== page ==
From a period of real unrest, Everton had established a three-match winning streak in no time. Their next task, on March 21, was to defeat Liverpool at Anfield and take a huge step towards the title. They met a Liverpool side who came into the match off the back of a 3-0 win over relegation fodder Sheffield Wednesday, but who were also set for a third straight season without any major silverware. It would in fact be another three years until Bill Shankly could rediscover his magic touch. The Reds were good at home but suffered on the road, and so their title challenge had petered out long before the second derby of the season. One month before that, their last chance at winning a trophy had been snuffed out by an FA Cup quarter-final defeat against second tier Watford. Portuguese side Vitoria Setubal had stunned Shankly’s side in the second round of the Fairs Cup, winning on away goals. Hopes of glory were quashed, but they could still put a serious dent in their rivals’ quest for the championship.

Everton lined up in the Anfield quagmire without Labone but full of confidence. Joe Royle had reached 20 league goals the previous week, and was looking for more at Everton’s former home. Gordon West was as excellent that season as in any, and is rightly remembered for being one of the club’s best-ever goalkeepers. Whittle was credited with a host of critical goals and assists in the campaign. The others – Tommy Wright, Sandy Brown, Roger Kenyon, John Hurst and Johnny Morrissey, were all important parts of the side. But three names tend to stick out now, as they did then.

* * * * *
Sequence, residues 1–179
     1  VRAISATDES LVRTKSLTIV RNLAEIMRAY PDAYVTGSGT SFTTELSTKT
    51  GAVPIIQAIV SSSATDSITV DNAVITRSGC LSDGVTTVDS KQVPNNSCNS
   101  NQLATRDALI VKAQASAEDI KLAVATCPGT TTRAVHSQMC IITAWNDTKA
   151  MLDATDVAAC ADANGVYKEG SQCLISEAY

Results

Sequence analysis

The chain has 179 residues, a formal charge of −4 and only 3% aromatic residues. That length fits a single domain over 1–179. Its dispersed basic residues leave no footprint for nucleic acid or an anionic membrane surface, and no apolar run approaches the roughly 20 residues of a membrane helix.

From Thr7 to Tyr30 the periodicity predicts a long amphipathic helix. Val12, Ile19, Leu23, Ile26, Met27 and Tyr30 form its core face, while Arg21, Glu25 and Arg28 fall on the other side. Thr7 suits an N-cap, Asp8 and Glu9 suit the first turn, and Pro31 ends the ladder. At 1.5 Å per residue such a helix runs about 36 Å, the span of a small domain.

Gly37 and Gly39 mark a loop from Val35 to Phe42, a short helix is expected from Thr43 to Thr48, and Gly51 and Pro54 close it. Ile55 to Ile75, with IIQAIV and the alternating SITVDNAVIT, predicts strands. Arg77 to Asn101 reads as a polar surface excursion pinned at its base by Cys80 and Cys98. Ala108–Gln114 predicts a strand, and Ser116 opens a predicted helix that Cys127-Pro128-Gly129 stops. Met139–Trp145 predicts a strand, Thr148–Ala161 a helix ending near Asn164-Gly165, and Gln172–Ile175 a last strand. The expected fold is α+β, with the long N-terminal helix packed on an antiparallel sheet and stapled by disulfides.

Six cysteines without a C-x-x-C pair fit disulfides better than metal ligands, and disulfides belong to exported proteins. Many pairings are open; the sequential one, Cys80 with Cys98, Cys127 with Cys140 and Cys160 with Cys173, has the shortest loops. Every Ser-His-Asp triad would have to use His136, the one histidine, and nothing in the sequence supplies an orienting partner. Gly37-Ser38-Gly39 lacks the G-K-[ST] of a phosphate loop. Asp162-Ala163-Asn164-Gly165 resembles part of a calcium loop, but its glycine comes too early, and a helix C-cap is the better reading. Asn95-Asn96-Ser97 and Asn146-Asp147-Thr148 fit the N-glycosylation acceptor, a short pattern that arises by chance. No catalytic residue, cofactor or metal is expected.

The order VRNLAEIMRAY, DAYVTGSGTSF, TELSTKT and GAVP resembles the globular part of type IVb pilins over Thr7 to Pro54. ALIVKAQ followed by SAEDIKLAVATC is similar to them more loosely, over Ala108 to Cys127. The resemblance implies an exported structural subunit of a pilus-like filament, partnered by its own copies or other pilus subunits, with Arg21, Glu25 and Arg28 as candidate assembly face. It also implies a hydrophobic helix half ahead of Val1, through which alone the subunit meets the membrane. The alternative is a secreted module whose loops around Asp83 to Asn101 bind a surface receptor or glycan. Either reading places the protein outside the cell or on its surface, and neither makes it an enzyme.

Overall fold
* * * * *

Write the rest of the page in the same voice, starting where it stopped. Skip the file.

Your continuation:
Colin Harvey, Howard Kendall, Alan Ball. The Holy Trinity.

The triumvirate have a mystical quality for those – such as myself – who never got to see them play. And yet those who witnessed them have a similar sense of awe. They were the perfect complement: Kendall, the tough-tackling ex-defender with an eye for a pass; Harvey, who had the skill and the ability to cover ground; and Ball, the white-booted superstar, who notched 11 goals in the title-winning season. Kendall and Harvey got eight between them, though the latter’s special strike against West Brom was the one that secured the title. With the three of them at the peak of their powers, anything was possible – even an Anfield victory.